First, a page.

I mentioned our visit to the Globe Theater in London in my last post, but I thought the performance and the total experience was worth a write-up of its own.
The Globe theater, opened in 1997, is a reconstruction of the Globe Theater that existed in Shakespeare’s day. It is reasonably faithful to the original design, with certain adjustments for modern fire code regulations. In keeping with the conditions of Shakespeare’s day, sets are minimal and, at least during the afternoon performances, no artificial lighting is used. Although some of the seats have backs, we bought bench seats, and rented cushions. You can also buy “groundling” tickets, which entitle you to stand in front of the stage for the entire 2 hours and 45 minutes (you can sit during the intermission).
The acting company is not associated with the Royal Shakespeare Company, although many performers are RSC alumni. All the performers we saw were excellent — theater in England has a really deep bench.
The play we saw was As You Like It which, as Shakespeare fans will know, involves an extended sequence where the main female character, Rosalind, pretends to be a man. Shakespeare did this a lot, in large part because in his day, all the actors were male — I think he enjoyed having a male actor playing a woman playing a man. In this performance, the company cast a tall man as Rosalind, and a short woman as Orlando. Some lines in the play work surprisingly well for a male Rosalind — the part where Rosalind says “I am more than uncommon tall,” for example, or the epilogue, where Rosalind addresses the audience with, “If I were a woman.” Obviously there were no such lines for the gender-bending Orlando.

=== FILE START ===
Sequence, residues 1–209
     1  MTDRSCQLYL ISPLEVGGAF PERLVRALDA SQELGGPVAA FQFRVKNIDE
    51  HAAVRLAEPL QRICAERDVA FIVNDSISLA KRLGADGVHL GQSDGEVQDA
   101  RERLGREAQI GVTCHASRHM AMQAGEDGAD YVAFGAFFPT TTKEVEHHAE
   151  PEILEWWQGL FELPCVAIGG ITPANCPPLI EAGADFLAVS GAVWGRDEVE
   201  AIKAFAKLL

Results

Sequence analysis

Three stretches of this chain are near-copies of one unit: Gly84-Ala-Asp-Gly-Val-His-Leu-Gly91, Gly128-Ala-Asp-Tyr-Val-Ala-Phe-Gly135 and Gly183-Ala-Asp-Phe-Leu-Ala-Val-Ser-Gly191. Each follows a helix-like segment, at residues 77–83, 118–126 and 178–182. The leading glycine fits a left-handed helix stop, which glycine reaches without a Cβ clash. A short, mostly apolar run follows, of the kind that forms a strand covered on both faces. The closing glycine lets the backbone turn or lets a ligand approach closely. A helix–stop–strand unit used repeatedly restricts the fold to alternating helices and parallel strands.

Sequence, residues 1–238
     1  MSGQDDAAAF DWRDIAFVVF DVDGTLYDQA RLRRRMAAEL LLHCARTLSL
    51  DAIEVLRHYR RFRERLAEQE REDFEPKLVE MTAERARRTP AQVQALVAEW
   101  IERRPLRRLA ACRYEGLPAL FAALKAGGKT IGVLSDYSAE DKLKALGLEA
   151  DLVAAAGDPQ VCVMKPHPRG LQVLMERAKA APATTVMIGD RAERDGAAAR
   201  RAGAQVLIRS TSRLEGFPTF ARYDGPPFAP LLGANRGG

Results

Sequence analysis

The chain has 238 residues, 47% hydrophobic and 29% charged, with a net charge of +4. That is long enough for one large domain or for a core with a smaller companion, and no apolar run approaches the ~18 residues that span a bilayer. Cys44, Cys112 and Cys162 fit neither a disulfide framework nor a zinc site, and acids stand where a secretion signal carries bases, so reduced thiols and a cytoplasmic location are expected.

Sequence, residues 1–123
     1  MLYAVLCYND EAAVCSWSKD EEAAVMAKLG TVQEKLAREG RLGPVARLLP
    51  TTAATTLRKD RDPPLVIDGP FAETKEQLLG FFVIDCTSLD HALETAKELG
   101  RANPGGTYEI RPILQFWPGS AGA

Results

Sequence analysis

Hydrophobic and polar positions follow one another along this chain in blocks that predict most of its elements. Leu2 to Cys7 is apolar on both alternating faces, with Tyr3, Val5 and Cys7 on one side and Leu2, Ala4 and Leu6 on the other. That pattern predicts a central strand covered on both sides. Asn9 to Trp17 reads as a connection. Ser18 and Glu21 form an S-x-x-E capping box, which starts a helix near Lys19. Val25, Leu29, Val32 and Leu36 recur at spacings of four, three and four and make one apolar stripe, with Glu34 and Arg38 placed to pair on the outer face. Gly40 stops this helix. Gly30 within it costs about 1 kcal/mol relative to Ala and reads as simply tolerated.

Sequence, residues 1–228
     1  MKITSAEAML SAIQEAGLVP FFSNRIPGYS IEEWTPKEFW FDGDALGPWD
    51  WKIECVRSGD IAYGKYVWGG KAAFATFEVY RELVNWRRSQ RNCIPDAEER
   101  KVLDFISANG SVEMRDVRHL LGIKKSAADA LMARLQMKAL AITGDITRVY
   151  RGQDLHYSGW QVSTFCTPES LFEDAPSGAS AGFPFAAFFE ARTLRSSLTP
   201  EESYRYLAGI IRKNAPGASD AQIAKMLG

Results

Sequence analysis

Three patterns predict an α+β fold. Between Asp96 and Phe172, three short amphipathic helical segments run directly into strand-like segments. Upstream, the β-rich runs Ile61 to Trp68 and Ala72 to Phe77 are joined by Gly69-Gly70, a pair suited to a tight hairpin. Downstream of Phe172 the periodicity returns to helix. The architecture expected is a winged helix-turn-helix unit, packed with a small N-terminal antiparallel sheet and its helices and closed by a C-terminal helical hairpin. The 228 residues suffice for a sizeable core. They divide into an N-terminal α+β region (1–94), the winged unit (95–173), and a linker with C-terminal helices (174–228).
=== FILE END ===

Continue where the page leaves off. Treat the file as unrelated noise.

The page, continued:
The gender-switching continued with other members of the cast — both Dukes were played by a woman, and the silly shepherdess Audrey was played by man. Interestingly, while the man playing Audrey was in full Dame Edna drag — big hair, heavy makeup, big fake boobs — the actor playing Rosalind was very understated. When appearing as Rosalind, he wore a dress and, in certain scenes, a veil. But he wore no special makeup or hair, and there was no cleavage. It seemed to me that they were intentionally emphasizing the androgynous nature of the Rosalind character. Indeed, since in the play Orlando spends more time with the “male” Rosalind than the “female” one, it’s not clear which one he’s actually in love with.
I thought the artistic choices were well considered, and the whole performance was very successful. Best of all, the ensemble comedy scenes were very well done, a lot more like the Oregon Shakespeare Festival productions I enjoy every year than some of the starchy British productions I have been subjected to in the past.
If you’re in London during the summer and enjoy Shakespeare, the Globe is well worth a visit.